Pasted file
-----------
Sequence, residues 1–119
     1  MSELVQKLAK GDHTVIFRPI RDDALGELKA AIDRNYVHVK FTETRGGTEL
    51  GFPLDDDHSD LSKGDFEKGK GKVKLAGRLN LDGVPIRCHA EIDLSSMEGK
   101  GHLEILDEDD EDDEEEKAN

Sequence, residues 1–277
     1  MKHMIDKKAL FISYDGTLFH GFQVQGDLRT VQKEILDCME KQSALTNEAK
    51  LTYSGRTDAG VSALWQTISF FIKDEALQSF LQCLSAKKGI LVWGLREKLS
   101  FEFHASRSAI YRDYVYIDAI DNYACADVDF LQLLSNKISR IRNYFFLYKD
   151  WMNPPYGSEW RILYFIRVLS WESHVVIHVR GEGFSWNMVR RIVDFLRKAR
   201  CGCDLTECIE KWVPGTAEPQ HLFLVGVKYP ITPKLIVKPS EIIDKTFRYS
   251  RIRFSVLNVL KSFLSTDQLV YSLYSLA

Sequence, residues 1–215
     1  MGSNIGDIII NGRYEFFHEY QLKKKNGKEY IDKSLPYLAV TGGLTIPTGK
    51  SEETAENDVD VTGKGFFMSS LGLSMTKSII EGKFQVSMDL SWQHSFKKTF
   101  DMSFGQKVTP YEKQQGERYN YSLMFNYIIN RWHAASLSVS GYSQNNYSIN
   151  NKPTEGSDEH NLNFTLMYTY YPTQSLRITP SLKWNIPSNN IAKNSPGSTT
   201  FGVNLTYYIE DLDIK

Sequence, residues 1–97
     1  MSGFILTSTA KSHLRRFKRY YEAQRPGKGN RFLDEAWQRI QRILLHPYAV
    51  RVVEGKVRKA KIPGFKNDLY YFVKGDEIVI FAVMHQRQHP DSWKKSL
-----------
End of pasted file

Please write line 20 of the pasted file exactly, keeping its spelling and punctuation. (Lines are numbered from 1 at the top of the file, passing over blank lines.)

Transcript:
    51  RVVEGKVRKA KIPGFKNDLY YFVKGDEIVI FAVMHQRQHP DSWKKSL